The Two Coyotes Poetry Tour
KNOW & GO
WHO: Poets Chris Olander & Will Staple
WHAT: The Two Coyotes Poetry Tour
WHEN: 7:30 p.m. Friday
WHERE: The Open Book, 671 Maltman Drive, Grass Valley
TICKETS: Free event
Renowned Nevada County poets, Will Staple and Chris Olander, are “emerging from the woods once again,” bringing their poetic wit and wisdom to a live reading at 7:30 p.m. Friday at the Open Book, 671 Maltman Drive in Grass Valley.
They will read from their newest collections, “Arrows Go Thru Hearts” (Staple) and “River Light” (Olander), sharing poems about the world’s beauty and sorrows, in terms of, for instance, love, politics, nature and social relations.
This event is free and open to the public, and signed books will be available for purchase. Light refreshments will also be available for purchase at the event.
These books span three decades of new and selected work. During that time, the two authors have made careers of teaching, writing and performing throughout Northern California and beyond.
“We’re here to soften life’s hardships, enlighten us all, and to praise to the fullest life’s possibilities, through the literary art of storytelling through poetry,” Olander said.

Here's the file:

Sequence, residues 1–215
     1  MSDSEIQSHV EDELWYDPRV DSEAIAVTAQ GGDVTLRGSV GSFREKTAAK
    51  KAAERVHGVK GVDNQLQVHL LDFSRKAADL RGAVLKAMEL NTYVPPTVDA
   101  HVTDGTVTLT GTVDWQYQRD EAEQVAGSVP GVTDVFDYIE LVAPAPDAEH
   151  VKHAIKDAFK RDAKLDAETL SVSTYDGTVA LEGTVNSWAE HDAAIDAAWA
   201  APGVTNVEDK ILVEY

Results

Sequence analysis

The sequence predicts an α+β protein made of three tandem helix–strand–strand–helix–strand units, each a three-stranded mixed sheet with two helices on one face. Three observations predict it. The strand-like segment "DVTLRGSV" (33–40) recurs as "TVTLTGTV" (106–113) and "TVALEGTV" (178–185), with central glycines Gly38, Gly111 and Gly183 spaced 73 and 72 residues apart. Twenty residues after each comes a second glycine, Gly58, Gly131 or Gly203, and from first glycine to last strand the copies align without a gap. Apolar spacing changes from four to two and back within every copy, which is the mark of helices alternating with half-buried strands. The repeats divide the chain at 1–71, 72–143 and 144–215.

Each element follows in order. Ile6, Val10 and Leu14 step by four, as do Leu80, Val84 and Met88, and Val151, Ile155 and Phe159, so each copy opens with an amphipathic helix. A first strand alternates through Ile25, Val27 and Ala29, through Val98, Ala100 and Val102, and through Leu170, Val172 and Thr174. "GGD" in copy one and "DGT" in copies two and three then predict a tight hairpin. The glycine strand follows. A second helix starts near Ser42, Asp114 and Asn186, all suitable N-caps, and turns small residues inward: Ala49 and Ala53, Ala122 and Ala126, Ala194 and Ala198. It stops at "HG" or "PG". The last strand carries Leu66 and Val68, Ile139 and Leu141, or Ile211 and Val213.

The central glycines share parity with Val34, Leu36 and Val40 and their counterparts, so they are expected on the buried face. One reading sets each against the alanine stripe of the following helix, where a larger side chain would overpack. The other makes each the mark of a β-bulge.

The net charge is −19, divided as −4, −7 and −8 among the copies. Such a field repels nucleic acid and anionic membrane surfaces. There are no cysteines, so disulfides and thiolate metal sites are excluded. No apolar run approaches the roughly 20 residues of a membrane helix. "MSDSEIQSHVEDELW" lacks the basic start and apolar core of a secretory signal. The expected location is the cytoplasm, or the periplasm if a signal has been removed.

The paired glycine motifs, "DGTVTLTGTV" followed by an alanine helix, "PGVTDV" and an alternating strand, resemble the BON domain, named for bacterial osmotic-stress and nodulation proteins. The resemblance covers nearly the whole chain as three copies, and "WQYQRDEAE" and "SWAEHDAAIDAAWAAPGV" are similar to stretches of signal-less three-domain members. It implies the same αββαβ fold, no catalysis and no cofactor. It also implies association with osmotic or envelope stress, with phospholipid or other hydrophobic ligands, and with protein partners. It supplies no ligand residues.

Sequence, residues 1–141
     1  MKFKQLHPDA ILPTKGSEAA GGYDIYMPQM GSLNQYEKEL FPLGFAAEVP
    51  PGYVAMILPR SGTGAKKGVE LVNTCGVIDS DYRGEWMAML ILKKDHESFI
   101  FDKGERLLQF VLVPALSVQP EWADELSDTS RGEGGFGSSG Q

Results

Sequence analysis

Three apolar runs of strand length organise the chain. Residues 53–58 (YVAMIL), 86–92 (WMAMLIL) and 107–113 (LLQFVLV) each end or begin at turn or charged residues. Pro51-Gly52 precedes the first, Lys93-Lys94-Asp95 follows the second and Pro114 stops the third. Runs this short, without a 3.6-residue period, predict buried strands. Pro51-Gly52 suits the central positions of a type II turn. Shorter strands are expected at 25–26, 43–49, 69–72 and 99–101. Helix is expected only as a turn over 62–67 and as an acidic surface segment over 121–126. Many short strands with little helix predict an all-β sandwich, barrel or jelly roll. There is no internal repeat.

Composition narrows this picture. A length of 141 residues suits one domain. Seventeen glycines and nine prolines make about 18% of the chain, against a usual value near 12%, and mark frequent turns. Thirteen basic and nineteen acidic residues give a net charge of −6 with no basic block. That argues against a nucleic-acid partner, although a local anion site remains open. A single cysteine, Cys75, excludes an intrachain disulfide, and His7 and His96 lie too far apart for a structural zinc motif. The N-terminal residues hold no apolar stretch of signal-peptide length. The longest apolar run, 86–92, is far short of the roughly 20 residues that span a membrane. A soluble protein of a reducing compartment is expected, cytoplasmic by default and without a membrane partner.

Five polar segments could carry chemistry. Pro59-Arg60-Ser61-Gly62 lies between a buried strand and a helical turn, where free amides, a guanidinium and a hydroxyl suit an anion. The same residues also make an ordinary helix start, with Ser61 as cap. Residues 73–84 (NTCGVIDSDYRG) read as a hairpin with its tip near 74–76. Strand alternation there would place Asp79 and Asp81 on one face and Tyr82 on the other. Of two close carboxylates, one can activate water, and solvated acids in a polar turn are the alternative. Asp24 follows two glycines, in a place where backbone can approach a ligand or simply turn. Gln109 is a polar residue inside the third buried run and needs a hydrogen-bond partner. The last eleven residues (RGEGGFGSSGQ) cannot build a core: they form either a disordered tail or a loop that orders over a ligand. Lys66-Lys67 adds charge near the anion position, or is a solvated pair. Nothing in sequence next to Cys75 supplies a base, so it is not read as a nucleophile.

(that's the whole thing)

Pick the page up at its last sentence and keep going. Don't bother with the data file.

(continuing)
The Two Coyotes Poetry Tour was conceived about 10 years ago while Staple and Olander were on the road giving readings in Sonora, Murphy and Mariposa.
“Traveling Highway 49, California’s ‘Gold Country Highway’ along the Sierra front, just seemed to make sense for a couple of coyote poets living in the Sierra Foothills,” Olander said, “to spread the word of love for country, with a few stories about its beauty, personalities, and precious resources and freedoms that are rapidly disappearing — the necessity to be an educated, thinking, and responsible human being and have as much fun as possible along the way — a historical/hysterical notion perhaps; one we could howl about when only memories are livable.”
Staple grew up in Oakland “in the shadow of the Beats,” and attended UC Berkeley during the Free Speech Movement.
“From 1970 to 1995, I published over 200 poems infused with the Grand Canyon and mountain forests, on the sassy, sexy side of spirituality, filled with a sly humor, condensed form, depth of content, detailing the culture that left the cities in the 1970s for a more archaic path with a heart,” Staple said.
Olander, a California Poet in the schools since 1984, blends performance techniques with spoken word to create what he calls “Action Art Poetry”: musical image phrasing to dramatize relative experiences — a poetry arising from oral and bardic traditions.
“I am a sound poet exploring various meanings of words, phrasing and ideas arranged in sound and rhythm patterns,” said Olander.
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